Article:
My main point is that homosexual orientation does not transmit congenitally like race or sex. Both my parents were (so far as they know) of French (Canadian) ancestry. When they gave birth to six children, voila, we all turned out, amazingly, to be of French (Canadian) ancestry. I married a woman who was born in Jamaica and who has African, Chinese, Irish, and English ancestry; we have children that, again amazingly (?), turned out to be half French and half a mixture of African, Chinese, Irish, and English. That's how ethnicity is transmitted. Culture has no effect, or an extremely limited effect, on its fundamental essence (culture may change certain affects but not the fact of ethnic inheritance). And it isn't primarily a desire for a certain type of behavior, much less a desire for behavior that is incompatible with embodied structures (which is what homosexual desire is). That's my point. Until you take the time to understand the nuances we can get nowhere in discussion. You will never find a circumstance where, if you mix the sperm of a homosexual male and the egg of a homosexual female, 100% of the time the child will be homosexual. It is not a deterministic mechanism. Do you understand now?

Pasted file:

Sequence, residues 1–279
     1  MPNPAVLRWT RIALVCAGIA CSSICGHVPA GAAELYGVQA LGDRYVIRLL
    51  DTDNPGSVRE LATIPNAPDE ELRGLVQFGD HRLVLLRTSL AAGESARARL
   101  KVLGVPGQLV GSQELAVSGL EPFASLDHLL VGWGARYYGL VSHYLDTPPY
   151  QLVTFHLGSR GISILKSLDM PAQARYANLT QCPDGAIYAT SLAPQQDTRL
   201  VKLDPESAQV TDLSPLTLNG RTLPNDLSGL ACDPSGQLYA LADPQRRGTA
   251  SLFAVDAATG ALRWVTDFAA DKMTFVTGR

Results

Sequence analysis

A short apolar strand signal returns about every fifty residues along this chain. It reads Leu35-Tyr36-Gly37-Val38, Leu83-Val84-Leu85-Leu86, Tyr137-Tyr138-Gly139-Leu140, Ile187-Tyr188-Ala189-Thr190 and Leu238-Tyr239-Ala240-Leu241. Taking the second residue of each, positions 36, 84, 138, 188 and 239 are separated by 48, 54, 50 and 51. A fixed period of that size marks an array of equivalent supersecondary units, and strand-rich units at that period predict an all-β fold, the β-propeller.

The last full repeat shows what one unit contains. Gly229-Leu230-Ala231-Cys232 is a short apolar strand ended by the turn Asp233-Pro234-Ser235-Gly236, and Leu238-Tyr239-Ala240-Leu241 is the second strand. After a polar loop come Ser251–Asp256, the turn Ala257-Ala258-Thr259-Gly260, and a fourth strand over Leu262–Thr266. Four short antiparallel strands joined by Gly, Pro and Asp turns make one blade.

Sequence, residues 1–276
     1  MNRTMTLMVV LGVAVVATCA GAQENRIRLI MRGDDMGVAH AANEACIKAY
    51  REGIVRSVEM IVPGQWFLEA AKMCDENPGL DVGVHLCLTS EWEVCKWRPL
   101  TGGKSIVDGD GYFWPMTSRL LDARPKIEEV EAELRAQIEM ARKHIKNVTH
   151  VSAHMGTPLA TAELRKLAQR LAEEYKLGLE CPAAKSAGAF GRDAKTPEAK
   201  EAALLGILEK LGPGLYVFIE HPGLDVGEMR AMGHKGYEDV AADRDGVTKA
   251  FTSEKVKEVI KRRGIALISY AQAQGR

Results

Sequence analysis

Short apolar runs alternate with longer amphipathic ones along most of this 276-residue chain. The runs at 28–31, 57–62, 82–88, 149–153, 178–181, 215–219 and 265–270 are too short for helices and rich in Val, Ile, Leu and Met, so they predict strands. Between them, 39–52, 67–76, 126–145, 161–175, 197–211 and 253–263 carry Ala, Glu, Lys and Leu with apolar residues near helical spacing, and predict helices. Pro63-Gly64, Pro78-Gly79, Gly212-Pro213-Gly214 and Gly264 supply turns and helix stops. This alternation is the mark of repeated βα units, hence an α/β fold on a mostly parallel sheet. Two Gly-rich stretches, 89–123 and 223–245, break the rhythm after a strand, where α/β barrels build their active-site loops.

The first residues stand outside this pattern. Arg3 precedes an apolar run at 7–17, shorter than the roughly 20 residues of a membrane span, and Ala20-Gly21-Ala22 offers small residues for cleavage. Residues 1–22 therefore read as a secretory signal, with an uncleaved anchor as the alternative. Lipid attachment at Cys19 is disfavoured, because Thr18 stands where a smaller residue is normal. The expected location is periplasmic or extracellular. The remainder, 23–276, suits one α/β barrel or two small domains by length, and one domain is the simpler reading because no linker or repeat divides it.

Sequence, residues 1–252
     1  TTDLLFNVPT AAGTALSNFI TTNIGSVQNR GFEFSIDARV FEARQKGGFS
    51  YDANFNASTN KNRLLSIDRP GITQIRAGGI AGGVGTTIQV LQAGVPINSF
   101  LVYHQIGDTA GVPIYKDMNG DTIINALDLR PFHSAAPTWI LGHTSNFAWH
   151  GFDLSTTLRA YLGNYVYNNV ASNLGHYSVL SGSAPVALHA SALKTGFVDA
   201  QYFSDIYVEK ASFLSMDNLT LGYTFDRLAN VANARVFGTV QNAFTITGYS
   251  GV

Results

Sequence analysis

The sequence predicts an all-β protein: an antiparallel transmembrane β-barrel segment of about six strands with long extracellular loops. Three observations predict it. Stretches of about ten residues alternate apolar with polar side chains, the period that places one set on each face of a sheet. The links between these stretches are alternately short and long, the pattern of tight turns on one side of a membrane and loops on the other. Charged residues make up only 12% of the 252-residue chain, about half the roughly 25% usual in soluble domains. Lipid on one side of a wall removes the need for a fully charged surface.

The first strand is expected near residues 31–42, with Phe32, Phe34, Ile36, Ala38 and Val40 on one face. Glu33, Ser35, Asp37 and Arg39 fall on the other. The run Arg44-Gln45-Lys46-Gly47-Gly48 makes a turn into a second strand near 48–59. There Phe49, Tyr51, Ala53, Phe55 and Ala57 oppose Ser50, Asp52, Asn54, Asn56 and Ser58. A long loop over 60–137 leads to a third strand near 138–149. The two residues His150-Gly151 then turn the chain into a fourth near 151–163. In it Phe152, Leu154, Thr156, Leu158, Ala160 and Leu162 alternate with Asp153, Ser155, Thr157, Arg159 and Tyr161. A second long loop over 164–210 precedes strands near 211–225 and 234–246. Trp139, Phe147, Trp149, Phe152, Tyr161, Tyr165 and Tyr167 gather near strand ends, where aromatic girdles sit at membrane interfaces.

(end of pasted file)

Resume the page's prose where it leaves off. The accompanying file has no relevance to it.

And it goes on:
One possible example of how at least some homosexual attraction develops early on is that an experience or self-perception of gender nonconformity (a typical trait of persons who subsequently self-identify as homosexual, as nearly all scientists acknowledge), which may or may not be (in whole or part) influenced by congenital factors, can lead to a sense of emotional distance or otherness in relation to the same sex, which in turn can increase the risk (sometimes substantially but without being a deterministic fait accompli) of developing erotic same-sex attractions as a way of addressing one's self-perception of not being wholly one's own sex. In fact, the logic of a homosexual union, unlike that of a heterosexual union, is that the two halves of the sexual bond are two halves of one's own sex (each partner in effect being half male, if male; or half female, if female) rather than (as in a heterosexual bond) two complementary halves of the full male-to-female sexual spectrum (male as fully male but lacking femaleness and vice versa).